We all know that unconditional love is one of the great goals of the transformational path.
And yet, too often, our attempts to find an overflowing source of love that is not dependent on outer circumstances prove fruitless.
Spiritual teachers may call this kind of love your “divine birthright” and even say platitudes such as “love is all there is,” while psychologists talk about it as the hallmark of healthy adulthood. But the truth is that it is often quite hard to feel it.
Instead, we are aware of the swirl of self-judging thoughts, muddied emotions, and the drama that manifests in our relationships – which can often feel anything but loving.
Finding a steady stream of unconditional love can thus seem like an impossible goal. Even if you are a dedicated seeker, you can find yourself struggling with a sense of incompleteness – of not having found the wholeness you are seeking.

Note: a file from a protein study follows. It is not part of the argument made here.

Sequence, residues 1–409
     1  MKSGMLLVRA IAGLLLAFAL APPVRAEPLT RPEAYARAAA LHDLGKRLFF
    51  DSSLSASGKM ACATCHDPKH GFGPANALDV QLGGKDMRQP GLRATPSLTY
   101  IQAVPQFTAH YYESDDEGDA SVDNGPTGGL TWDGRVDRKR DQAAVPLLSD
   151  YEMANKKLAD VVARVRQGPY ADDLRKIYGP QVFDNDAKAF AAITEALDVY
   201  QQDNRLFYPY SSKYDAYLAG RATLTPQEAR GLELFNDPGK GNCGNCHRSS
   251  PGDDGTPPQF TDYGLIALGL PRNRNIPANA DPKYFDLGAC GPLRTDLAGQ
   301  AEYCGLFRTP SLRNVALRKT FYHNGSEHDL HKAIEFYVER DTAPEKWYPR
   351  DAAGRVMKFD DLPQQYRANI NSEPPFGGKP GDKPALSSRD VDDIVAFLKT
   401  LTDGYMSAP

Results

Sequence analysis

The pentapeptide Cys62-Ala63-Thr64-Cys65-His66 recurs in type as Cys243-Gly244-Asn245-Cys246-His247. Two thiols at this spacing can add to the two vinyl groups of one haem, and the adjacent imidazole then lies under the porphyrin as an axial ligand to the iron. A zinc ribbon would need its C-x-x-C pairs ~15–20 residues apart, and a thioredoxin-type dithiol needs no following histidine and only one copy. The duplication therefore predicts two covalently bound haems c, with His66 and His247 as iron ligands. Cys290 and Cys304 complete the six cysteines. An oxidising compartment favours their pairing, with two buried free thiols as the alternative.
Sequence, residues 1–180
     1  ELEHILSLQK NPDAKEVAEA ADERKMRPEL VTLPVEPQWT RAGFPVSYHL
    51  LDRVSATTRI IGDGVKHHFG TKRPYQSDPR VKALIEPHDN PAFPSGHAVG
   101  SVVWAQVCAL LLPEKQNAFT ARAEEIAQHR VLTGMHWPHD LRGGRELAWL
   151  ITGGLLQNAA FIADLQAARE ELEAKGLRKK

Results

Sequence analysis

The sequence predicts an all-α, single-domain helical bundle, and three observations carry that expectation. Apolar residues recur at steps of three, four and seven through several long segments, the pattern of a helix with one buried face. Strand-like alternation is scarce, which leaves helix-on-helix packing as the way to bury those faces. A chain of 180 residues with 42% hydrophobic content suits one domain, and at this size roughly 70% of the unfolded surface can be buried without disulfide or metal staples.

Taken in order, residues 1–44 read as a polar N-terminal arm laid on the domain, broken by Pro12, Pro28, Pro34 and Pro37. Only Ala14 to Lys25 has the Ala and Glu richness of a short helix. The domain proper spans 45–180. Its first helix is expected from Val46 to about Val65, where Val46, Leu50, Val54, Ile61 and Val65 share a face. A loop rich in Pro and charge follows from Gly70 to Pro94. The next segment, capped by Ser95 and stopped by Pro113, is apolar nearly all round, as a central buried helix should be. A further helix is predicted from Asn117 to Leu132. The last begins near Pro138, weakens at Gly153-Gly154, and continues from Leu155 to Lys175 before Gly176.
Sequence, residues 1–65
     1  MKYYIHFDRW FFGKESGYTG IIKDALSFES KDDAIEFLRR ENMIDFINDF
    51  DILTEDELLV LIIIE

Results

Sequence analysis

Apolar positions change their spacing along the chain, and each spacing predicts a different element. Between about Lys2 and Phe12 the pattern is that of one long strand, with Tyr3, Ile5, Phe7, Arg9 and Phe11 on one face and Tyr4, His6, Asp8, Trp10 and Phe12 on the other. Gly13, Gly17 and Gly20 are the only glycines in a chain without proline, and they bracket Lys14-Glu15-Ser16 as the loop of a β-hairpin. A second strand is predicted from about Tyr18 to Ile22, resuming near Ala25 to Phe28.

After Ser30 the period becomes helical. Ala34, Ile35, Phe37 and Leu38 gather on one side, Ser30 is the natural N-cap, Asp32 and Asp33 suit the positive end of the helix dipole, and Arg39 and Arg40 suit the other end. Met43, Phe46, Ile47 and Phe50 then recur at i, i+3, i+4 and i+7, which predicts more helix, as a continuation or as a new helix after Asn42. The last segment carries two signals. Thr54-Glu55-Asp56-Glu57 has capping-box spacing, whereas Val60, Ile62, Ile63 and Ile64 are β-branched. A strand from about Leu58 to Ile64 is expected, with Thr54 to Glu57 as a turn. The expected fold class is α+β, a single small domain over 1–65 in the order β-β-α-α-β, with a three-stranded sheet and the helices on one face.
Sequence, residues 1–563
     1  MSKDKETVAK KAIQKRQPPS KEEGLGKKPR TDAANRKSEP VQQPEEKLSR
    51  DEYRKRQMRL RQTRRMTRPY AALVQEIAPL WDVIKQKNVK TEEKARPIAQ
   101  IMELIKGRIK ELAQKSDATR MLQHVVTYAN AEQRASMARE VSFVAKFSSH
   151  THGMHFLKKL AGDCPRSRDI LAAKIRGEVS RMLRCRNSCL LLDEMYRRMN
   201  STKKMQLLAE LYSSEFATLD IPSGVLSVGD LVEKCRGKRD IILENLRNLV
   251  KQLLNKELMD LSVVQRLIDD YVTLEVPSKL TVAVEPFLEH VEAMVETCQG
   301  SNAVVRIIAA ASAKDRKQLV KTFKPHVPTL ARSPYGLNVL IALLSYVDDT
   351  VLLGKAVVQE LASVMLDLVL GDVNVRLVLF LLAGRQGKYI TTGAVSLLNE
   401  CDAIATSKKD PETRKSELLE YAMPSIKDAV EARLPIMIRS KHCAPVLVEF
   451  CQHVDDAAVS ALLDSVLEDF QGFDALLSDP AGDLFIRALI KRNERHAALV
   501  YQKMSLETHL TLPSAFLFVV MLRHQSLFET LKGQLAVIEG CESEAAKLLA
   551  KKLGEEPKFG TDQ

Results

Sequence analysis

That’s because there is an aspect of your growth that is rarely – if ever – addressed by the methods available, and that is the ability for us to truly love different parts of yourself and to create a secure internal bond between them.
The lack of this secure bonding is at the core of a remarkable number of challenges you face, ranging from relationship struggles to addiction, anxiety and depression. Underneath, there is almost always a place where you are rejecting yourself without even realizing it.
If we judge ourselves for this self-abandonment, we tend to compound the problem and exaggerate the lack of self-love. That’s why so many purely cognitive approaches don’t work.
It’s time for a new approach, one that blends spiritual practices like mindfulness with psychological science.
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